Wednesday, December 14, 2016

Felder magical as Irving Berlin in one-man show

A grand piano, a Christmas tree, a fireplace, two big windows and snow falling outside… it made me want to reach for an eggnog, but I was at The Armory and settling into my seat when Hershey Felder walked out on the stage to begin his one-man show about the life and music of Irving Berlin, the great American songwriter. For the next hour and forty-five minutes, Felder held the SRO audience at Portland Center Stage spellbound as he retold Berlin’s remarkable life story, singing and playing the piano with such panache that you practically thought you were watching Berlin himself.

Starting with Berlin’s humble beginnings as a refugee from Russia where his family’s home was burnt to the ground because of rampant anti-Semitism, Felder embarked on a tour of Berlin’s life that was truly astonishing. Berlin rose out of the poverty-stricken tenements in New York City, parlaying his street-corner busking into a singing waiter job that helped him to sell his first song, “Marie From Sunny Italy.” That led to his first smash hit, “Alexander’s Ragtime Band” and the rest was history. But actually it wasn’t, because Berlin, like everyone, had his ups and downs. Of course, he had more ups than downs, but still the downs that Felder recounted were major, such as the death of his first wife, Dorothy. She contracted typhoid fever during their honeymoon in Havana and died five months later. Berlin took her death very hard. His melancholy ballad, “When I Lost You” was dedicated to her, and he did not marry again for twelve years. That was when he fell in love with the heiress Ellin Mackay, whose father disowned her after she married Berlin. They had four children, but their only son died on Christmas Day in 1928.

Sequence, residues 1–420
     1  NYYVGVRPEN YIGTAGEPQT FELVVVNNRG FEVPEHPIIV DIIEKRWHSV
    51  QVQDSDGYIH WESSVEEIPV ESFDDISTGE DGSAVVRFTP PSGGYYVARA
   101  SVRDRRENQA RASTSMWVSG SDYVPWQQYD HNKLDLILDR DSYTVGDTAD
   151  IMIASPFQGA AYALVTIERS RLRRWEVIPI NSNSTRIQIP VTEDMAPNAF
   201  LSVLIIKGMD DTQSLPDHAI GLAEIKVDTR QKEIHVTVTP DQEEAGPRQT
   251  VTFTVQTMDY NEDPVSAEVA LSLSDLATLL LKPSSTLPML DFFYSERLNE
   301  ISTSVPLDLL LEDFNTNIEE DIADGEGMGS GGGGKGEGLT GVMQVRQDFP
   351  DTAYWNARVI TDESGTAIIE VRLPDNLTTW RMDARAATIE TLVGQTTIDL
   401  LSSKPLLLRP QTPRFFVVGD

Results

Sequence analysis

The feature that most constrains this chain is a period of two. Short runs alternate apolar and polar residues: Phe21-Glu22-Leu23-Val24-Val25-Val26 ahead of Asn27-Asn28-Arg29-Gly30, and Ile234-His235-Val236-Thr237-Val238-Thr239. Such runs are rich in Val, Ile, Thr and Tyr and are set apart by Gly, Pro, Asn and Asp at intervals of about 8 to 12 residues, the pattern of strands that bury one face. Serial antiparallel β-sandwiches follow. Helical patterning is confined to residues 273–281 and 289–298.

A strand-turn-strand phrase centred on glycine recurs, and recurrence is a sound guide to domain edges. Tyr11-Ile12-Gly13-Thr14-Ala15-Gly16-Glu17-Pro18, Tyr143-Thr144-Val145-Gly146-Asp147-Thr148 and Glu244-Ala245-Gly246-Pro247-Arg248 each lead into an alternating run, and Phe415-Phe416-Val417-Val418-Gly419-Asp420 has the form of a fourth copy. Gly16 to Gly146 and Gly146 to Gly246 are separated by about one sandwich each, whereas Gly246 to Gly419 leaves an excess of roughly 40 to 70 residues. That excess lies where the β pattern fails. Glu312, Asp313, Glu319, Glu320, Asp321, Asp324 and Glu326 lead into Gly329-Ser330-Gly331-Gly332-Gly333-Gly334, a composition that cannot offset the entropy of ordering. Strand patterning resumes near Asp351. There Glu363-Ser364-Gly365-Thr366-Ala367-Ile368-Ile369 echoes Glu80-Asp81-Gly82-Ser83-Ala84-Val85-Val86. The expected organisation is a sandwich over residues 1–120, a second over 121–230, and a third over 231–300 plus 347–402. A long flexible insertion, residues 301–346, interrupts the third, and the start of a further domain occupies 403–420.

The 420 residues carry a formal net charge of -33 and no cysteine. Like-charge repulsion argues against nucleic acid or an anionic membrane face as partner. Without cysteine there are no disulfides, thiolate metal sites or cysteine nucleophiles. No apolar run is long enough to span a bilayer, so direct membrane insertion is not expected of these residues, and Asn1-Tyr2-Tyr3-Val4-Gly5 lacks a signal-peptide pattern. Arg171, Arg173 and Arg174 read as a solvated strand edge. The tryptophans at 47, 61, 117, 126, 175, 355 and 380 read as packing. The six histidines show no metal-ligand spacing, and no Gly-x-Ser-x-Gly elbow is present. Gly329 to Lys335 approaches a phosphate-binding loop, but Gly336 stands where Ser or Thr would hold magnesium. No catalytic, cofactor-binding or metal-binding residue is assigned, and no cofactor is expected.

The show included Berlin’s hits during the First World War, the Second World War, his work in musicals and films. Felder performed several of them, including “My Wife’s Gone to the Country,” “Oh! How I Hate to Get Up in the Morning,” “What’ll I Do?,” “Blue Skies,” “Supper Time,” and “There’s No Business Like Showbusiness,” and made sure to include the audience in “God Bless America” and “White Christmas.” He showed an impeccable ear and talent for mimicry when he spoke or sang in the style of others such as Ethel Merman, but his parrot voice for the last verse of “My Wife’s Gone to the Country” was the most surprising and funniest of all.

Felder related fun facts about Berlin, such as how he wrote all of his pieces in the key of F sharp and relied on his staff to transcribe them to other keys. He loved to work at night and into the early morning, thriving under pressure to find just the right words and create a new song. But his genius was not the center-point of the show, rather it was the wonderful embrace of humanity that embodied Berlin. He took care of his family, his friends, and others (for example, since 1940, all royalty payments from “God Bless America” have been directed to the Boy Scouts and Girl Scouts of America.” He was not arrogant or disdainful of others, and he supported civil rights, giving Ethel Waters star billing in 1933 for his musical revue “As Thousands Cheer.” She became to first black woman to star in a white show on Broadway.

In his final years, Berlin became a recluse. He had been such a part of the nation’s life and breath that it was difficult for him to fathom the popularity of rock and roll. Felder had an excellent quip that summed it up: “I lived beyond my expiration date.” Well, Felder’s superb performances as Irving Berlin at The Armory are due to expire at the end of the month. Be sure to see this amazing show. It is life-enhancing.


PS: Felder directed “The Pianist of Willesden Lane,” which will return to Portland Center Stage in June. For more information on that show, click here.

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